Tuesday, January 30, 2018

Christians: Boycott Google Today

Google CEO and Thought-Controller-in-Chief Sundar Pichai

Just how politically correct has Google's corporate culture become? Check out this short piece by Todd Starnes, in which Starnes reveals that the company's Google Home device, their version of Siri, refuses to recognize the names "Jesus" or "Jesus Christ". Be sure to watch the embedded short video.

When called on this, uh, innocent lapse, they explain themselves this way: "The reason the Google Assistant didn’t respond with information about ‘Who is Jesus’ or ‘Who is Jesus Christ’ wasn’t out of disrespect but instead to ensure respect."

Uh-huh. Who believes this line? After the James Damore firing and what that revealed about company culture? We now have plenty of documentation of how the most seething PC extremism dominates everything that happens on the Google corporate campus and in their HR workshops.

Google is poison. Christians should drop Google Search, Google Chrome, Google Maps and Gmail ASAP. For search, I recommend moving to Bing or DuckDuckGo.

There are tens of millions of us Christians in the US. Why should we do business with a company that hates us? If enough of us left, it would hit these bigots where it counts: in their share prices.

Check out my Idiocy, Ltd. and begin the long, hard reckoning.

Thursday, January 25, 2018

Cathy Newman vs. Jordan Peterson: A Study in SJW Demagoguery

Newman's interview got within a millimeter of outright self-satire

I’m surprised the Atlantic actually ran this piece on Cathy Newman’s pathetic attempt to libsplain Jordan Peterson to himself. Perhaps the magazine's editors, after all the guffaws produced by their piece last year explaining how “the solar eclipse is racist”, have had second thoughts about the SJW bandwagon and decided they didn’t want the Atlantic to be known as the go-to magazine for high-brow infants.

In any case, the Peterson/Newman interview is already a broadcasting classic. Seriously. If you haven't watched it, you've missed one of the best verbal sparring matches ever aired on television. Click here and sit back for some serious entertainment.

I agree with the Atlantic writer that one can find Newman's style of verbal demagoguery on both left and right. But who are we kidding? The "left" now never leaves this mode. Compare Newman here with the typical Tucker Carlson interview. Carlson doesn't put words in his guests' mouths: he draws them out with questions, often simple Yes/No questions, until they reveal the ugly implications of their positions. Very different from Newman and Co.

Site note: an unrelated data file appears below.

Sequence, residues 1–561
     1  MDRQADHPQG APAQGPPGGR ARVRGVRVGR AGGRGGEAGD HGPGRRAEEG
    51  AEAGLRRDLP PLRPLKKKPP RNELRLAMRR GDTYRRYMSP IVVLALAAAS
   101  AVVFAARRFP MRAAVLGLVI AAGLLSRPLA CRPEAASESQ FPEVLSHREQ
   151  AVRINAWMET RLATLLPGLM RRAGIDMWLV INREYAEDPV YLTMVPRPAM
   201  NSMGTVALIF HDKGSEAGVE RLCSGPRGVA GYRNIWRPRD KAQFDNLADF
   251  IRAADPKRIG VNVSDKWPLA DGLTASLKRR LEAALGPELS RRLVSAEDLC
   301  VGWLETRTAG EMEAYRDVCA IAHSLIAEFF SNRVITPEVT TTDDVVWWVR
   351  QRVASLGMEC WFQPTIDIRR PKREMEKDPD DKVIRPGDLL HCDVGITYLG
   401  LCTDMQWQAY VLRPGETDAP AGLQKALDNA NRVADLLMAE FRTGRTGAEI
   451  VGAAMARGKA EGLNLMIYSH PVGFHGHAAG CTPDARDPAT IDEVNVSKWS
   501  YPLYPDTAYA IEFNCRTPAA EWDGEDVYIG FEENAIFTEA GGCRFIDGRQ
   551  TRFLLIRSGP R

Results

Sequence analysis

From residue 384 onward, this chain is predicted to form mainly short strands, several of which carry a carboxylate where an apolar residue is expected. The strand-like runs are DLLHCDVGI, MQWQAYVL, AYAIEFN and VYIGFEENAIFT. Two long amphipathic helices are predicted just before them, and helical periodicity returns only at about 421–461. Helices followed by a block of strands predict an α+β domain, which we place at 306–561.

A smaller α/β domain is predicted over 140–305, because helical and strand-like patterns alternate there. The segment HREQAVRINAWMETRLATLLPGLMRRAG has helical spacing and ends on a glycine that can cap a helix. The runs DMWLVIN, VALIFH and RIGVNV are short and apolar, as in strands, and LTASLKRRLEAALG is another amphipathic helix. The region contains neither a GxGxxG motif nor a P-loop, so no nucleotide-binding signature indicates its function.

And of course Peterson is not really a figure of the right, and certainly not of the Alt-Right to which his enemies desperately try to link him. You can only place Peterson on the right if your idea of the left is Maoism. Which, in terms of cultural issues, is exactly where our left "liberals" now sit. They are identity-politics-Maoists-cum-pro-corporate globalists. Our 21st-century left manages to combine the worst of both worlds. And to hell with them. Peterson, a strong antidote to their nonsense, is a true liberal in the best 20th c. mode. We're lucky to have him.

#SmashThisFakeLeft #JordanPeterson #antiSJW #ConorFriedersdorf

Have some deadpan with your coffee. Check out Idiocy, Ltd. Dryest humor in the west.

Wednesday, January 3, 2018

Read Rimbaud: Do It Now

Arthur Rimbaud, c. 1871

One of the sharper young folks I know is taking up Rimbaud. And bravo to that. Rimbaud was an extraordinary figure in almost every way. To read him is to realize it immediately. A 19th century French teenager from a small-town backwater who basically reinvents shamanism from scratch. On his own. And his linguistic genius, there's nothing else like it in English or French: the cussed sharpness of it, the fact that this is basically a kid from farm country who's read the whole town library and seriously intends to remake the world through language. The fierce oddity of it; the seriousness of the project--and most important, how in many ways one gets the sense that he almost pulled it off.

My friend laments that Rimbaud didn’t write more. I don’t. There’s already a wealth of material. It fits, of course, in a single volume. In English either the Wallace Fowlie translation or Paul Schmidt translation will do. And for a good biography, Graham Robb’s is very well done, though his readings of individuals poems often miss the boat, I find. No matter.

As for Bruce Duffy’s book, Disaster Was My God, it really is extraordinary. Graham Robb may be the best of Rimbaud’s biographers, but his grasp of Rimbaud’s poetics isn’t that strong. Duffy gets it, and writes a searing fictionalized account of the life besides.

For me the key question is this: What would language have to be for Rimbaud’s project to make sense? I’ve some writing on this problem myself, stored away, and hope to get back to it someday. Rimbaud, and later Max Jacob, very different figures, are the reason I took up French on entering university.


42 other important public service announcements can be found in my book Idiocy, Ltd.